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Quitting smoking early linked to better chance of surviving lung cancer – study

Quitting smoking early is linked to improved survival rates for people diagnosed with lung cancer, research suggests.

The findings indicate that the benefits of giving up smoking before being being diagnosed continue to be seen even after a diagnosis.

A study found that among those diagnosed with the most common form of lung cancer: non-small cell lung cancer (NSCLC); current smokers had a 68% higher death rate and former smokers had 26% higher death rate compared to people who had never smoked.

According to the findings, the longer a patient had gone without smoking before being diagnosed, the better their odds of survival were.

The study is one of the few to examine death rates not just among current and never smokers, but also among former smokers, enabling more robust findings about the impacts of giving up the habit, researchers said.

Never smoking was associated with the best chance of surviving after a lung cancer diagnosis, but the findings showed significant links between lower death rates and having quit smoking pre-diagnosis.

The longer a patient went without smoking, the more health benefits they had, the researchers found.

For former smokers, doubling the years of smoking cessation before their lung cancer diagnosis was significantly associated with prolonged survival, the researchers say.

But doubling smoking-pack years was associated with shorter survival among current and former smokers.

Senior author David Christiani, the Elkan Blout Professor of Environmental Genetics, at Harvard University, said: “Our participants’ smoking histories varied, with some having stopped smoking a few years before their diagnosis and others having stopped several decades before.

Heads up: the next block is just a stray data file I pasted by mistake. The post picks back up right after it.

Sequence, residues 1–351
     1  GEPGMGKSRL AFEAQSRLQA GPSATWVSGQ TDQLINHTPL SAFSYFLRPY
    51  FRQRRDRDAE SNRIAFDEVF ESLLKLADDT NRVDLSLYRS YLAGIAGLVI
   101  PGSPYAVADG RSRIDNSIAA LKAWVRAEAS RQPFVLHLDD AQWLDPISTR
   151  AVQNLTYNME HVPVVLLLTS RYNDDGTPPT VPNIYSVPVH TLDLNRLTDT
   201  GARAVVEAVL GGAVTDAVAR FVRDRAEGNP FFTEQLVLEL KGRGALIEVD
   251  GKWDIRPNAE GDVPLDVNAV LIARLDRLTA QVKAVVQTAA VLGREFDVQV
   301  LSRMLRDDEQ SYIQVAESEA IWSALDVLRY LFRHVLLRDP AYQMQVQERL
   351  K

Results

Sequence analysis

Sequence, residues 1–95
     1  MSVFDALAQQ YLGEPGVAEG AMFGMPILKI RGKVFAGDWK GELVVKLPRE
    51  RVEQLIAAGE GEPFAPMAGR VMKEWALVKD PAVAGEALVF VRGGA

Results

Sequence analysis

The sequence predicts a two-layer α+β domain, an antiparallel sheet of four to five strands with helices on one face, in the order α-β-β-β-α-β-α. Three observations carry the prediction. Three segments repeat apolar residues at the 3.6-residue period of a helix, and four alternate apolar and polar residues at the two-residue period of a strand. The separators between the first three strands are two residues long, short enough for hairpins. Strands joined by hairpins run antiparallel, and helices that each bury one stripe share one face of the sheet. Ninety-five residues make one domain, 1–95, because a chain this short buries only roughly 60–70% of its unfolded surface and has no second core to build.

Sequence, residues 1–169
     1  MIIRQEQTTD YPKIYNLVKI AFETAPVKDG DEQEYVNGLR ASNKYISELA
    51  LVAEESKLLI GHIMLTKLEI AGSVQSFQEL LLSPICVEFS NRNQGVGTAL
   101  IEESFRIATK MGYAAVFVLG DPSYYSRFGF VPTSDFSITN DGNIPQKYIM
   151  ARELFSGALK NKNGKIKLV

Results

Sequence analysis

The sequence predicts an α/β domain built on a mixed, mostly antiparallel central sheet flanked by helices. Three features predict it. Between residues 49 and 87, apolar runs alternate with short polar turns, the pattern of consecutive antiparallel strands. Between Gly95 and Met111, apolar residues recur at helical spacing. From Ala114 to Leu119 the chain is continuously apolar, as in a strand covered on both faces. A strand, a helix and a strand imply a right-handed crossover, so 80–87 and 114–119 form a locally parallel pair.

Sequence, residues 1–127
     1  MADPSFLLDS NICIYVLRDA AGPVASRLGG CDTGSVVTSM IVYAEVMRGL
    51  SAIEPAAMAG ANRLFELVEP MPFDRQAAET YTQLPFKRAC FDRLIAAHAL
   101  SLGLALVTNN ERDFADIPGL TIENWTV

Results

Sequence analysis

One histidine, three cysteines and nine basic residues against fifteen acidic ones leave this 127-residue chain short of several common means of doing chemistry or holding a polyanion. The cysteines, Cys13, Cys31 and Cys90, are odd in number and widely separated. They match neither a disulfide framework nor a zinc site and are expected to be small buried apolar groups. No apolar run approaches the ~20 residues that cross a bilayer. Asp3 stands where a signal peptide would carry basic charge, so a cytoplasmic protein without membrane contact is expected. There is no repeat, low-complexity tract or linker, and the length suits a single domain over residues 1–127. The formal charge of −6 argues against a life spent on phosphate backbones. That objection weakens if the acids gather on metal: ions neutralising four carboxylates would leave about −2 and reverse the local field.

“This wide range gave us confidence in our results – that the benefit of pre-diagnosis smoking cessation persists even after lung cancer is diagnosed.”

The study, published in the Jama Network Open journal, followed 5,594 people with NSCLC enrolled in the Boston Lung Cancer Survival Cohort at Massachusetts General Hospital between 1992 and 2022.

Of this group, 795 had never smoked, 3,308 were former smokers, and 1,491 were current smokers.

People were asked to complete questionnaires about their smoking habits and other health and demographic information, with the researchers checking in on their survival every 12 to 18 months.

During the study period, 3,842 of the people enrolled died – 79.3% of the current smokers, 66.8% of the former smokers, and 59.6% of the never smokers.

The researchers noted that associations between survival and smoking history may vary depending on the stage the lung cancer was diagnosed at, and that the study did not account for the different kinds of treatment participants.

Hazel Cheeseman, deputy chief executive of Action on Smoking and Health (ASH), said: “Most people find a lung cancer diagnosis terrifying.

“Too often, smokers think the damage is done and there is no point in stopping but quitting gives them the best chances of survival.

“Our healthcare services must reflect this too.

“Too few smokers receive proper support to stop as part of the NHS’s existing lung health check schemes despite evidence that it can double their chances of successfully stopping – this must change in the future.”